Drumlanrig Castle & Country Estate

LOCATION

THORNHILL, DUMFRIES & GALLOWAY

Inspected by
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Our View

This unusual pink sandstone castle was built in the late 17th century in Renaissance style. It contains a outstanding collection of fine art. There is also French furniture, as well as silver and relics of 'Bonnie' Prince Charlie. The old stable block has a tea room, gift shop and craft centre with resident craft workers. The gardens, grounds and wider estate offer world-class mountain biking trails, plus waymarked walking, hiking and cycling routes. Garden plant centre, bike hire, Land Rover tours and fishing also available. Contact for details of special events.

Drumlanrig Castle & Country Estate
THORNHILL, DG3 4AQ
Phone : 01848 331555

Features

Facilities
  • Parking onsite
  • Parking nearby
  • Cafe
Accessibility
  • Some areas of garden not easily accessible to wheelchair users
  • Facilities: Lift
  • Accessible toilets
Opening Times
  • Opening Times: Castle open Etr, BHs & Jul-Aug, daily 11-5 (last tour 4). Gardens, estate, tearoom, playgrounds walks & cycling trails open Etr-end Sep, daily 10-5

About The area

Discover Dumfries & Galloway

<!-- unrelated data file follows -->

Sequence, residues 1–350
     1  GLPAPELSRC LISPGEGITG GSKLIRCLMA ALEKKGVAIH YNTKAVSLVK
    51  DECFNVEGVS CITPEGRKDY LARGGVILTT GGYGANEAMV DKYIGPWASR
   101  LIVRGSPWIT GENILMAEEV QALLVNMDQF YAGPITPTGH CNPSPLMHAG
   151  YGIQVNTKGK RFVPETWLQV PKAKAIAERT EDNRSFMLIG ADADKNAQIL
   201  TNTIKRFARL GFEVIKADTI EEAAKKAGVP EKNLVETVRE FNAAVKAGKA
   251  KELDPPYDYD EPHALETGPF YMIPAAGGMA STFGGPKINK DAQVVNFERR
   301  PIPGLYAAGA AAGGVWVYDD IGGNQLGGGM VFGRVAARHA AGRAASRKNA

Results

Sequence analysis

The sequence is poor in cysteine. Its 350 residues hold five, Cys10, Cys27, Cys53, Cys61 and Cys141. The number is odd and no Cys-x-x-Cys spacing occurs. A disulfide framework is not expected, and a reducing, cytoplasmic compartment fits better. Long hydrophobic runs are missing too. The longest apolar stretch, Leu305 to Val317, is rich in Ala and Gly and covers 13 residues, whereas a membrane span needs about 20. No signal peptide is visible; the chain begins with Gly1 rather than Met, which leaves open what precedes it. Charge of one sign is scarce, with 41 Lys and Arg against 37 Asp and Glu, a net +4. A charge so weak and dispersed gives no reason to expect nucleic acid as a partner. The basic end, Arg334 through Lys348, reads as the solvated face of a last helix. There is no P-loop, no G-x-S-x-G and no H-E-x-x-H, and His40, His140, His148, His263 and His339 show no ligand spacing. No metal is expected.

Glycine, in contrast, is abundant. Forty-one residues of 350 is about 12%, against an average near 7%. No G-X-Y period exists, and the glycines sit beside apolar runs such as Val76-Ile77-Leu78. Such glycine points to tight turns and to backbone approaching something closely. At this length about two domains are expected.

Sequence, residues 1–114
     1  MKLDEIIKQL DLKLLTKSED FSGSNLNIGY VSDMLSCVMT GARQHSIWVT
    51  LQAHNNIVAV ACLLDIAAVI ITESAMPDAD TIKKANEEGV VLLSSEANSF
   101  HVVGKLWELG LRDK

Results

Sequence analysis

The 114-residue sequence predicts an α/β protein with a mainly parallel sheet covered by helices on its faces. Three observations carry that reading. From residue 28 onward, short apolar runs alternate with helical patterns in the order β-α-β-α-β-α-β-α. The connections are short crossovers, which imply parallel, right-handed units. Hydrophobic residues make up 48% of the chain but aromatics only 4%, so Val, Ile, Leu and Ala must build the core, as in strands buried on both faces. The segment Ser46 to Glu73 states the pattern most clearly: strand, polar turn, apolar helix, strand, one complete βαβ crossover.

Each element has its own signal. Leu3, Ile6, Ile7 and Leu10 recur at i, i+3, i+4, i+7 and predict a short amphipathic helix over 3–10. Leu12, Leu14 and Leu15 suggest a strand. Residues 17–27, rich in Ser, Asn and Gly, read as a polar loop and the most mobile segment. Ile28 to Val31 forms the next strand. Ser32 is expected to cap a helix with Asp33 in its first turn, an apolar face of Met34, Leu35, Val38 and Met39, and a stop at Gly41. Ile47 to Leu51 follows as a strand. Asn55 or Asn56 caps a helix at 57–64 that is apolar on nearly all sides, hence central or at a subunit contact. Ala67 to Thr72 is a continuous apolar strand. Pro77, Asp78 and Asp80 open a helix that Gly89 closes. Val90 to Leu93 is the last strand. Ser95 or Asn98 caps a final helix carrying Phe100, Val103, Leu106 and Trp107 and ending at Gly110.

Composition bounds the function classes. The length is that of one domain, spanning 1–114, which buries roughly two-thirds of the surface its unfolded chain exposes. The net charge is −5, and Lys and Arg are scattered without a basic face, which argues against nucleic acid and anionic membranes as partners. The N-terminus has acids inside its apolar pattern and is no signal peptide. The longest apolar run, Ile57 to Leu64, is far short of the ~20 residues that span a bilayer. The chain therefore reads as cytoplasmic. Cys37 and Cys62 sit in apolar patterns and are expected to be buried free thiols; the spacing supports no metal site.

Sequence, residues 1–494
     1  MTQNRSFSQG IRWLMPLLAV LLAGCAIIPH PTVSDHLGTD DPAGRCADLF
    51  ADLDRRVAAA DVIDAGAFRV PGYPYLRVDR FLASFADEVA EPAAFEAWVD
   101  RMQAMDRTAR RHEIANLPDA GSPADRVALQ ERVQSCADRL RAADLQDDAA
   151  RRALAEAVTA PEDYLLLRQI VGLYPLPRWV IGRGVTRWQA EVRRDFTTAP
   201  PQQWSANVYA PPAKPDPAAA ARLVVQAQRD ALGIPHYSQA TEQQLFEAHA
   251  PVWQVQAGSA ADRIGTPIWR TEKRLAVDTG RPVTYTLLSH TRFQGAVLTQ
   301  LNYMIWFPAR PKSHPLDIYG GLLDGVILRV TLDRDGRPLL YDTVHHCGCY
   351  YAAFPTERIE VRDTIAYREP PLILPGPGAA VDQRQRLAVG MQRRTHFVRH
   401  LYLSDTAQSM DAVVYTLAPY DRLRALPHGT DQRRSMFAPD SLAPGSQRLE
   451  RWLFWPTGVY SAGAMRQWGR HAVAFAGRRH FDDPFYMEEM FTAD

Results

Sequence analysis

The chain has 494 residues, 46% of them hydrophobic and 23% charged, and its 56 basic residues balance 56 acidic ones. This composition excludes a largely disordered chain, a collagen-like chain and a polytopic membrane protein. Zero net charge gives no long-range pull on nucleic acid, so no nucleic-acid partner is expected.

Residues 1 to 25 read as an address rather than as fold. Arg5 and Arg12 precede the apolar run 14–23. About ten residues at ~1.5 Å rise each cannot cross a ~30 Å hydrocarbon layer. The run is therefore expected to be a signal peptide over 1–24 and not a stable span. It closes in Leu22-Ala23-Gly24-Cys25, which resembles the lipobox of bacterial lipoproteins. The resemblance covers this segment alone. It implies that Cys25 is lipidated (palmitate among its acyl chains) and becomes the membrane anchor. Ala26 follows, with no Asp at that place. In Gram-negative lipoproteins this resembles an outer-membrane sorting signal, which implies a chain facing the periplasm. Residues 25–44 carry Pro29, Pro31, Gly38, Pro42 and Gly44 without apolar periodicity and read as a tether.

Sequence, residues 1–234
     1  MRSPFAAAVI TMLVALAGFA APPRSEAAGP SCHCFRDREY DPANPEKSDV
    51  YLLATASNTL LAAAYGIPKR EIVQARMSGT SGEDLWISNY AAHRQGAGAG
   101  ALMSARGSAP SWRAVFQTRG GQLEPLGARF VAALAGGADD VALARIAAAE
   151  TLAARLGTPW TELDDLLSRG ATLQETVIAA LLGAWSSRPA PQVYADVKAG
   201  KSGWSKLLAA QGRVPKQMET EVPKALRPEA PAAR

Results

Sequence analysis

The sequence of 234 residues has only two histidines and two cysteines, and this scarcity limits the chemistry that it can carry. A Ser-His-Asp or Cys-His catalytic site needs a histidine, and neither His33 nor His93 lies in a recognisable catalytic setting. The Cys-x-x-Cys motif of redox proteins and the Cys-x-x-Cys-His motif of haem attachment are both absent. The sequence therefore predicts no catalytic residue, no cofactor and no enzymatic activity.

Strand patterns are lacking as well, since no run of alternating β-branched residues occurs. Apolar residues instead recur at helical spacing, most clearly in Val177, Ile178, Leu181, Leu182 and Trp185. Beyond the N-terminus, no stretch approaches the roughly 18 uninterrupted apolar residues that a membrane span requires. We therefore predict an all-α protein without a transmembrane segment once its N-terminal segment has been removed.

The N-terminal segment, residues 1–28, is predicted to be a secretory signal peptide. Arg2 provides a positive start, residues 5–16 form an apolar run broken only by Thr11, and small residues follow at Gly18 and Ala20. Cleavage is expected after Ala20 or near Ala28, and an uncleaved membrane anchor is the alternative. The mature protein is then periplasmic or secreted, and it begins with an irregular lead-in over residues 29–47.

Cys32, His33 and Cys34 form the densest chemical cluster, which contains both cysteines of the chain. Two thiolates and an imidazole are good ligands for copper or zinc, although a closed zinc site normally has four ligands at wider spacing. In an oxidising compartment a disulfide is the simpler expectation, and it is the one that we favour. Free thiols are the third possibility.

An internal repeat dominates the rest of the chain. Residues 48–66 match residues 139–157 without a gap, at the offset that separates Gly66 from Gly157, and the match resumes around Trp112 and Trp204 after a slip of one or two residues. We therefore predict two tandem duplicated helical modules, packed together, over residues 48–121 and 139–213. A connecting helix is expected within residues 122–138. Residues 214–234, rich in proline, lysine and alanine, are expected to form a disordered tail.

Dumfries and Galloway is a wonderfully undiscovered corner of Scotland – a romantic land of wooded glens, high hills and exposed moorland, haunted by its colourful past and the ghosts of those who fell in fierce and bloody battles. Heading west from Gretna Green you soon reach Dumfries, straddling the River Nith, where you may see red-breasted mergansers in summer.

The market town has strong associations with one of Scotland’s most famous sons, Robert Burns, who farmed nearby and returned to Dumfries towards the end of his life. You’ll find Burns-related visitor attractions around town, plus a portfolio of other sights ranging from ruined castles and abbeys to quirky museums. You can see for miles from the Camera Obscura, which occupies the top floor of the 18th-century windmill.

To the north lies a vast and endless landscape; mile upon mile of open moorland and afforested slopes stretching towards the Ayrshire coast. On the long haul to Stanraer, you’ll want to make regular stops and visit places like Gatehouse of Fleet, a delightful 18th-century planned town, and Creetown, a planned village on the estuary on the River Cree. Perfect for walking and fishing, Dumfries and Galloway seems gloriously untouched by 20th-century progress.

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